Earlier this year, in a presentation at the ATX Television Festival in Austin, Texas TV writer Kyle Killen (Lonestar) brilliantly explained the history and current failure of the American TV rating system, with the big money quote being “Nielsen is a ruler in a world where we now need a microscope.” Thankfully, his presentation was recorded as part of the Nerdist Writers Panel Podcast, and I described all of it elsewhere on the site. In looking at the future of TV, Killen concluded:
Whether or not Nielsen buys one of its new competitors or someone knocks them off our approach to understanding TV and audiences and advertising is going to become a lot more like it is on the web, data-driven and hyper-personal. One of the things that really lets us exploit that is the other thing that scares networks, and that is streaming. For as nice as the DVR is it is basically a souped-up VCR, but what it tells us is that people want to watch what they want to when they want. If you embrace that mentality by embracing streaming, a lot of the problems that the DVR creates go away. You don’t have to guess who’s watching your stuff on Hulu. They know exactly who’s watching which lets them sell different commercials to a 65-year-old man and to a 18-year-old girl who are both watching the same show at the same time. You can sell ads for weekend movies on a Thursday night even if what you’re watching on Thursday night is a Monday night show from 5 weeks ago. All of that stuff stops mattering. So, streaming is going to be the savior of ad-based TV, not the death of it.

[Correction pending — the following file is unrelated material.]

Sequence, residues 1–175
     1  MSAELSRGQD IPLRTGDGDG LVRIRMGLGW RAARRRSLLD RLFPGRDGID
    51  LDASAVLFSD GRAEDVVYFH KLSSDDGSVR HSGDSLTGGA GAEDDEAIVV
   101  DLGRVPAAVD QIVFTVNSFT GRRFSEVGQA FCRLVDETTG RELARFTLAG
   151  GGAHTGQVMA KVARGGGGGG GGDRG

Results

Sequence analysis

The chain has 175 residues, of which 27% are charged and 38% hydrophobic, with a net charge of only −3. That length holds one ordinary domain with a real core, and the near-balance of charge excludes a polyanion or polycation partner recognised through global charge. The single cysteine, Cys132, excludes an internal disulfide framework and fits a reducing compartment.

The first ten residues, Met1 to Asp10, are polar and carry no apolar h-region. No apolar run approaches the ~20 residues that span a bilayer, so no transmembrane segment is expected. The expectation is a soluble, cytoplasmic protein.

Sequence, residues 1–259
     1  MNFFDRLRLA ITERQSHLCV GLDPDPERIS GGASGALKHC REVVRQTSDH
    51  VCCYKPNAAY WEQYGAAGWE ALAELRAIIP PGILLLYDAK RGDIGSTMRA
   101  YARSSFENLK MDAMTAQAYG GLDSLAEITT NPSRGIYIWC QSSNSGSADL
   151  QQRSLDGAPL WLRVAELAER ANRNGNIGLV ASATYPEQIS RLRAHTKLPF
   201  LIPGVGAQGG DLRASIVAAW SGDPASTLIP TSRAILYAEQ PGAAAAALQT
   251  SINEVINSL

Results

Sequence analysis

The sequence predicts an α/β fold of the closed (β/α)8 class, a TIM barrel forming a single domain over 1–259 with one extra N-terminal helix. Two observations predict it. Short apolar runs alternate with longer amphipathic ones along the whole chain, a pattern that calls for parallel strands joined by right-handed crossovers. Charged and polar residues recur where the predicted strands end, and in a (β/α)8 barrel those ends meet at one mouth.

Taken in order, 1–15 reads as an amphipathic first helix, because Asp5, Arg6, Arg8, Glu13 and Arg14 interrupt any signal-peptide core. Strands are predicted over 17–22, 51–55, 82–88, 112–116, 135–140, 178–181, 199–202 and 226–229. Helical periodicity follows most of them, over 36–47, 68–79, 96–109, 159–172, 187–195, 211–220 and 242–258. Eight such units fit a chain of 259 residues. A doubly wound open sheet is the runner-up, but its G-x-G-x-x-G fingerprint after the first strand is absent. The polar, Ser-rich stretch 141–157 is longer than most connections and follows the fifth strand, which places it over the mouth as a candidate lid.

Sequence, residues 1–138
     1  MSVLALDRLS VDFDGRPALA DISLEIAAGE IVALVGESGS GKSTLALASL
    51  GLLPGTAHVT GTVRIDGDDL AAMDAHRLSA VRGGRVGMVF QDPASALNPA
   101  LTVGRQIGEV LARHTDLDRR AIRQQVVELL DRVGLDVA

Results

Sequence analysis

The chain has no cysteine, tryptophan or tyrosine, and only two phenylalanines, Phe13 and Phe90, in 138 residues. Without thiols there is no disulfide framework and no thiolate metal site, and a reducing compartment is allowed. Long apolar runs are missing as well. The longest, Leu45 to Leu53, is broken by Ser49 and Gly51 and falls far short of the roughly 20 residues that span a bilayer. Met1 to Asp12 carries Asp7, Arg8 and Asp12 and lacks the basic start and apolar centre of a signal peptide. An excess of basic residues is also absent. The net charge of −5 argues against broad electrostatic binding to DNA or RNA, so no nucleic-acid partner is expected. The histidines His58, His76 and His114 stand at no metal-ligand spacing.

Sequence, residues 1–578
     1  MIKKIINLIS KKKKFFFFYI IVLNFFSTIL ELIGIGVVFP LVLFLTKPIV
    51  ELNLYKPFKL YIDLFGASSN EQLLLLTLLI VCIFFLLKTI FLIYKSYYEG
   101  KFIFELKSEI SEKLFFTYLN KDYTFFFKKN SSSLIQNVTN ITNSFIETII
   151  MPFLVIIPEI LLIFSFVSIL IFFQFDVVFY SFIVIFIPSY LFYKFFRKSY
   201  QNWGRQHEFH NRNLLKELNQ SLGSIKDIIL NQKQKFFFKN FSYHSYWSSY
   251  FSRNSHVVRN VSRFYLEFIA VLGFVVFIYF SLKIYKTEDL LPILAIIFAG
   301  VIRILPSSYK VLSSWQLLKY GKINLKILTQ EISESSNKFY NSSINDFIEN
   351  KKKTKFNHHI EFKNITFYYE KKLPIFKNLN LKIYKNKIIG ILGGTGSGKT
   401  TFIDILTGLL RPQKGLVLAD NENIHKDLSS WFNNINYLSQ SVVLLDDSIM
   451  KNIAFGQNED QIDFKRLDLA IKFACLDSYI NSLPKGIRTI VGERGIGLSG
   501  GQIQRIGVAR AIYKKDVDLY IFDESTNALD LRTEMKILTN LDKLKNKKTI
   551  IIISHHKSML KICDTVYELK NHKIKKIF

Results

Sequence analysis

However, while Hulu shares its data with the networks Netflix and Amazon are notorious dens of secrecy. When Amazon’s CEO boasts that Transparent is the most streamed original program in Amazon Prime’s history we mostly smile and nod, knowing that while that sounds nice it doesn’t mean a dang thing because we have no idea how many people watch any of their shows. We don’t know because they don’t tell us, and they don’t tell us because they don’t have to. That’s fine. It’s not like we’re owed that information. It sure makes life harder on Hollywood journalists who have to figure these type of things out and seek to provide some form of context to their readers, but, eh, we’re already hooked on Netflix by this point anyway. What do we care how many people actually watch Orange Is the New Black or the new Chelsea Peretti stand-up special (One of the Greats)? The more important thing is that we watch them and like them (or not).
This isn’t about us, though. The people who really want a peek at Netflix and Amazon data figures are the people negotiating contracts to do business with them, be it licensing old shows for their ever increasing library or creating original programming. For those people, Nielsen is now promising to give them answers, announcing plans to begin measuring viewing habits on subscription online services like Netflix and Amazon. According to The Wall Street Journal (via THR):
Nielsen’s measurements will not yet include mobile device views for streaming series, but the company plans to use the content’s audio to identify which shows are being streamed. Nielsen plans to tabulate the data for clients, media companies like traditional TV networks and studios, to see how their acquired content is performing on services like Netflix and Amazon. This could have a big effect on negotiations for streaming rights and bundles down the line. “Our clients will be able to look at their programs and understand: Is putting content on Netflix impacting the viewership on linear and traditional VOD?” Nielsen senior vp Brian Fuhrer told WSJ.
This sounds like a surprisingly progressive move for Nielsen, a huge step foward that will potentially demystify Netflix and Amazon Prime and give leverage in contract negotiations back to actors and writers for original programming and content copyright holders for licensed content. However, the part I am confused about is as follows: Do Netflix and Amazon know that Nielsen is planning on doing this? Well, clearly they do now, but when Nielsen is talking about having to use the audio to identity which shows are being streamed that seems a lot like they’re doing this on their own. Both Netflix and Amazon have been so rigidly secretive about their viewership figures that it’s hard to imagine them cooperating with Nielsen on this.